This question has already been posed in Cross Validated without receiving a correct formal answer, so I reformulate it here to gain attention of mathematicians. I am referring to chapter 3 of Sutton and barto book "Reinforcement learning. An introduction" available here: 1

Let us assume that we have three finite sets, $S$ the set of *states*, $A$ the set of *actions*, and $R\subset \mathbb{R}$ the set of *rewards*.
Let $p : S \times R \times S \times A \rightarrow [0,1]$ be a function such that

$$\sum_{s'\in S} \sum_{r \in R} p(s',r,s,a)=1$$ for each $s\in S, a \in a$, so that it defines a joint discrete probability distribution on $S\times R$ for every choice of $s\in S, a \in a$, and we denote it then, with a slight abuse of notation, as $p(s',r|s,a)$. From a probabilistic point of view, we can think that if at time $t$ we are in state $S_t=s$ and we perform an action $A_t=a \in A$ then the probability of the two random variables $S_{t+1},R_{t+1}$ representing respectively next state and the reward obtained is given exactly by $p$:

$$\mathbb{P}\{S_{t+1}=s',R_{t+1}=r|S_{t}=s,A_t=a\} = p(s',r|s,a)$$

and so that, for example, given present state $s$ and action $a$, the expected value of immediate reward is $r(s,a)=\sum_{r \in R} r\sum_{s'\in S}p(s',r|s,a)$, and the state transition probability (again with a slight abuse of notation) is $p(s'|s,a)=\sum_{r\in R}p(s',r|s,a)$.

Let us define $G_t$ as the random variable representing the sum of discounted future rewards obtainable from time $t$ $$G_t=\sum_{k=0}^{+\infty} \gamma^k R_{t+1+k}$$ that it is immediate to prove having this representation $$G_t= R_{t+1}+\gamma G_{t+1}$$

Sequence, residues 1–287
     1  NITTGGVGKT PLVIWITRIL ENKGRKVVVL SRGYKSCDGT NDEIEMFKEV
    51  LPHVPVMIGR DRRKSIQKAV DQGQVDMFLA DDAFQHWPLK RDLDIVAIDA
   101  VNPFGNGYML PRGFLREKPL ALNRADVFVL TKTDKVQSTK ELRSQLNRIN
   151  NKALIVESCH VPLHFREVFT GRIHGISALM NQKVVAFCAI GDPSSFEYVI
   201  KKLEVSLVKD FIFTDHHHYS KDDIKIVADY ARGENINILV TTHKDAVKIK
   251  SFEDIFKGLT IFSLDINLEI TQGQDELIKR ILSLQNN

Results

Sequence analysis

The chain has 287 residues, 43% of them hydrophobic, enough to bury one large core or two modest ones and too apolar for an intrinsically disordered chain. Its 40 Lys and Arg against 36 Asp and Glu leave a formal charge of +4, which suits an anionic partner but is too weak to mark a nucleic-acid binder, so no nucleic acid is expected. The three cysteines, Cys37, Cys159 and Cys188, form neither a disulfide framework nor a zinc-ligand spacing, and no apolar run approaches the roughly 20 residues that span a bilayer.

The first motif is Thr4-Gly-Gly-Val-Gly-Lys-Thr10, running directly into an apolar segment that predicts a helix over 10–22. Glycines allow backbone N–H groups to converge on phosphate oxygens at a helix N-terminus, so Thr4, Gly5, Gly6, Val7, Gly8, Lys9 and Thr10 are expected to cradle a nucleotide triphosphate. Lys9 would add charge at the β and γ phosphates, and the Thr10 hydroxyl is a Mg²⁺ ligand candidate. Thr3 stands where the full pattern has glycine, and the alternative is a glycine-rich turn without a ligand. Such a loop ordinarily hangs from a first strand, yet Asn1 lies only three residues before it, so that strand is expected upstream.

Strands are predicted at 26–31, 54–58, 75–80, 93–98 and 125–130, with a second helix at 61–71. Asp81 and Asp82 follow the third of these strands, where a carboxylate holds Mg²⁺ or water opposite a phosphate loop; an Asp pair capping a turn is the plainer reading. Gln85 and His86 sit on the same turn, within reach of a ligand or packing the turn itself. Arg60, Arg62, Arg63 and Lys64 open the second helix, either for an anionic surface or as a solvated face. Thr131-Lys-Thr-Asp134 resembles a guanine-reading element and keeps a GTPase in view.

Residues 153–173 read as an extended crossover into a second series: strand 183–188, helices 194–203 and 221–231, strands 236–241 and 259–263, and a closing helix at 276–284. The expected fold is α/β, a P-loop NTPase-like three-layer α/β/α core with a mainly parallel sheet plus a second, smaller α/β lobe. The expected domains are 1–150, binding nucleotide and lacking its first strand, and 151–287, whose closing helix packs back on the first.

We define a *policy* $\pi$ as a function $\pi: A \times S \rightarrow [0,1]$ such that for every $s \in S$ $\sum_{a \in A}\pi(a,s)=1$, so that it defines, for every choice of $s \in S$ a probability distribution over $A$, and we denote it with $\pi(a|s)$. We also define the *state-value function* $v_{\pi}$ for a policy $\pi$ as

$$v_{\pi}(s)=\mathbb{E}_{\pi}[G_t|S_t=s]$$

that is the expected value cof $G_t$ conditioned on being in state $S_t=s$ and using policy $\pi$ to select (randomly) actions at present time and also in future time steps, and analogously the *action-value* function $q_{\pi}$ as

$$q_{\pi}(s,a) = \mathbb{E}_{\pi}[G_t |S_t=s,A_t=a]$$.

It is quite simple to prove that these two functions satisfy these two mutual relations

\begin{equation} v_{\pi}(s)=\sum_{a \in A} \pi(a|s)q_{\pi}(s,a)\label{eq1}\\ q_\pi(s,a)=\sum_{r \in R}r\sum_{s'\in S} p(s',r|s,a)+\gamma \sum_{s'\in S}v_{\pi}(s')\sum_{r\in R}p(s',r|s,a) \end{equation}

and the two recursive *Bellman* equations
\begin{equation}
v_{\pi}(s)=\sum_{a\in A}\pi(a|s)\sum_{s'\in S, r\in R}p(s',r|s,a)[r+\gamma v_{\pi}(s')]\\
q_{\pi}(s,a)=\sum_{s'\in S, r\in R}p(s',r|s,a)\sum_{a' \in A}\pi(a'|s')[r+\gamma q_{\pi}(s',a')]
\end{equation}

A policy $\pi$ is said to be better of another one $\pi'$ if and only if $\pi(s) \geq \pi'(s)$ for all $s\in S$; an *optimal* policy $\pi_*$ is a policy that is better than all other ones, that is $v_{\pi_*}(s) \geq v_{\pi}(s)$ for each $s \in S$ and for each policy $\pi$.
Let us assume that there exists at least one optimal policy (this also should be proved, but let's skip it in this question). Then we can define the *optimal state-value function*

$$v_*(s) \doteq \max_\pi v_{\pi}(s)$$

for each $s \in S$, and it is clear that, for each optimal policy $\pi_*$, we have $v_{\pi_*}(s)=v_*(s)$ for each $s \in S$. The same apply to the *optimal action-value function*
$$q_*(s,a) \doteq \max_{\pi} q_\pi(s,a)$$

that is for each optimal policy $\pi_*$ it is $q_{\pi_*}(s,a)=q_*(s,a)$.

Finally, here it is my question:

**why is it true that $$v_*(s) = \max_{a \in A} q_*(s,a)$$ for each $s \in S$?**

It is obvious that, given an optimal policy $\pi_*$, if for each $s \in S$ we take $a_s \in \text{arg}\,\max\limits_{a \in A}q_{\pi_*}(s,a)$, then we have $$v_*(s)=v_{\pi_*}(s)=\sum_{a \in A} \pi_*(a|s)q_{\pi_*}(s,a)\leq \sum_{a \in A} \pi_*(a|s)q_{\pi_*}(s,a_s)=q_{\pi_*}(s,a_s)=q_*(s,a)$$

but I couldn't find a simple way to prove the reverse inequality, neither directly nor by contradiction. Can anybody help?